September 17th marks Citizenship and Constitution Day. This day celebrates two powerful central strengths of our Republic and combines them. Mostly, this day is ignored, I hope a new party will embrace it and the principles represented today.
Citizenship Day was born as I Am An American Day. The holiday has its roots in the activity of a refugee from the then-Communist nation of Hungary. Clara Vadja founded the Americanization League of America in 1930. Having found the dream of liberty, she set out to provide citizenship education to help those who came behind her find an easier way into the country.
In addition to celebrating new citizens, the original I Am an American Day Act celebrated those who attained their citizenship by coming of age. This focus on new voters could be traced to Manotwac County Wisconsin which included a five-month program where those about to reach the voting age met to discuss the duties of citizenship.
I am an American Day was designated in 1940 as the Third Monday in May. In 1952 it was renamed Citizenship and moved to September 17th, which was also Constitution Day as this is the Day the Constitution was signed at the Constitutional Convention in Philadelphia.
This combined commemoration may be overlooked by most on the calendar but is important a new political party observe it.
The Importance of Citizenship Day
Citizenship Day stands as a reminder of how a more traditional Americanism approached new arrivals with an open heart as opposed to the fear-based nationalism. This fearful nationalism views families fleeing from persecution, and those who go through the legal process to become citizens, as threats and dangers to political power.
A new political party should embrace the meaning of Citizenship Day and all that new immigrants bring to our shores.
The strength of America traditionally is that it is not a closed system. Its story is ever-continuing. If the story of people coming to America and finding opportunity and better lives for themselves and their families had ended with the Pilgrims coming to Plymouth Rock in 1620 or 19th Century with Irish immigrants, it would be a stale story and a much poorer country. Each immigrant who makes the effort to come to our country and proceeds to work hard through the laborious process of becoming a citizen writes their own page in that ongoing narrative.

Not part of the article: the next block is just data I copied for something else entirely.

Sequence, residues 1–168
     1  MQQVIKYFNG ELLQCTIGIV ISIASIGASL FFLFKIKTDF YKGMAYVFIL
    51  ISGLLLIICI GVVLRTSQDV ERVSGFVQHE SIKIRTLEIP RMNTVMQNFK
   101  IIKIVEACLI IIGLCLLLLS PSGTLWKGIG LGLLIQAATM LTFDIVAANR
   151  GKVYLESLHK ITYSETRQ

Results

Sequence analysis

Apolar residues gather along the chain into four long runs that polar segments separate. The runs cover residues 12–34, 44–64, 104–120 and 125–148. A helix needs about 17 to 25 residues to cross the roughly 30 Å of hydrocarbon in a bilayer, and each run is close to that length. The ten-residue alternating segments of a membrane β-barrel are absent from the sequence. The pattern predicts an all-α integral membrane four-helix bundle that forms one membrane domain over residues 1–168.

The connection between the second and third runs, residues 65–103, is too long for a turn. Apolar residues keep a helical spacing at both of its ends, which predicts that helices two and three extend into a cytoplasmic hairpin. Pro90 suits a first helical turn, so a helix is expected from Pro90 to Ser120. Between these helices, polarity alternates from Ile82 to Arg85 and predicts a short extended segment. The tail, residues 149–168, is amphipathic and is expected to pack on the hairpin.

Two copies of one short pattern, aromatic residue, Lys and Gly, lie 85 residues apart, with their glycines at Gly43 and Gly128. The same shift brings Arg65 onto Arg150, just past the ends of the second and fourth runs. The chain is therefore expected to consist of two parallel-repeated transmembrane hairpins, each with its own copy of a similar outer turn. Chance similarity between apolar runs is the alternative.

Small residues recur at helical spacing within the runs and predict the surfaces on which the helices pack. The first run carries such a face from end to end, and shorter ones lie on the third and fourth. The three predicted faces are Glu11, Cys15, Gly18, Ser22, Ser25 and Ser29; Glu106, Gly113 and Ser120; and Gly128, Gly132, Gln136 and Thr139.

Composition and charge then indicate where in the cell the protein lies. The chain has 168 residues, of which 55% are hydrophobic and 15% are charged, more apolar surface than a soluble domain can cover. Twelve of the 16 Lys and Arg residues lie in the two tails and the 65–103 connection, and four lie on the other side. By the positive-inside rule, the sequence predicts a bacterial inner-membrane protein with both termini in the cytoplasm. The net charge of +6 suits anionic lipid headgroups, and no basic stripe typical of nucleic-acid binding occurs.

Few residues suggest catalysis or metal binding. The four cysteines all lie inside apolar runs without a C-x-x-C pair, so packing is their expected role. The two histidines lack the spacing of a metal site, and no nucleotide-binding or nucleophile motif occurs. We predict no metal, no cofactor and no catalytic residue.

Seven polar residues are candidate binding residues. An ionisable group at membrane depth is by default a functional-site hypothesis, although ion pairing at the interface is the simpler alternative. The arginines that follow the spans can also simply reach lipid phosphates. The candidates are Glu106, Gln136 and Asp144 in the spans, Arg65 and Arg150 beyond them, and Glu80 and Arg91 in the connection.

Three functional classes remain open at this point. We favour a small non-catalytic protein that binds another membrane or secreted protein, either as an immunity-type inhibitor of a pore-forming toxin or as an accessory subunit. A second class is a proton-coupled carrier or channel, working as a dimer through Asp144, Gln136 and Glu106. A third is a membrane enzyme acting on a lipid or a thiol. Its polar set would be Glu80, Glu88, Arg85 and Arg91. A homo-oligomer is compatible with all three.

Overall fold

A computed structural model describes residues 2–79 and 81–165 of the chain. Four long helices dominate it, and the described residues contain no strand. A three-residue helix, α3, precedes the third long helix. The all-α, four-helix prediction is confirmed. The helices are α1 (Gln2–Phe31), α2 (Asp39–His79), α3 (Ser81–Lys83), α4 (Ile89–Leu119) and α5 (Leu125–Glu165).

This is a great day to celebrate the contributions these new citizens will make and an opportunity to reach out to them.
I also think it points out the need to encourage those who are newly eighteen to take seriously the responsibilities of citizenship. While our twenty-first-century world may not have time for five-month classes, we can definitely do a better job of civic education and helping new adults understand the responsibility and heritage being passed down to them than shallow efforts like “Vote or Die.”
Those who believe in traditional American principles should engage in youth outreach, knowing that Socialists and other radicals are more than willing to make up for our lack of effort.
The Importance of Constitution Day
The Constitution of the United States is something many citizens affirm and that all federal officials swear fealty to. However, it’s also a document that is under increasing assault.
Demagogues on the left and right find it inconvenient. It was written to make it hard to get your way on changes. In a country where we love instant gratification, the Constitution infuriates the entitled mentality that dominates our political debate.
Both the left and right are repelled by the amount of freedom it gives. Recently, the third most powerful Democrat in Congress James Clyburn (D-SC) observed there would be “strong support against the bill of rights” if it were voted on today.
There are so many know-it-alls on the Internet who are convinced our system of government is preposterous and antiquated and they have a better plan that we should follow instead.
Yet, this fact is missed: our Constitution has worked. Our country has many flaws, the state of our union is not perfect. Many have found ways to ignore the Constitution and get around its requirements. Yet, its framework frustrates most authoritarian and totalitarian impulses.
President Trump publicly admires and lauds dictators. Many of them such as Vladimir Putin came to power in countries that had more modern democratic constitutions, which were more easy to alter. These dictators were able to get around their pliable constitutions to set themselves up as a strong man. Trump can only admire them, because he is under the U.S. Constitution, he can never be them.
I won’t say the Constitution should never be changed, but we’d better be careful and respectful in any alterations we propose. We’re talking about a document that’s kept our country free for 230 years. We’d better know what we’re about when we try to change it.
“I don’t understand why the Constitution does this,” is not an argument for changing it, any more than, “I don’t know why the contractor put a ceiling support on that wall” is an argument for ripping the support out. Rather, not understanding is a good reason for finding out why.
Citizenship and Constitution Day are two very important days that have been combined. Whatever the intent of Congress in 1952, this combination has meant that they can both be ignored at the same time. I hope that a new political party will change that.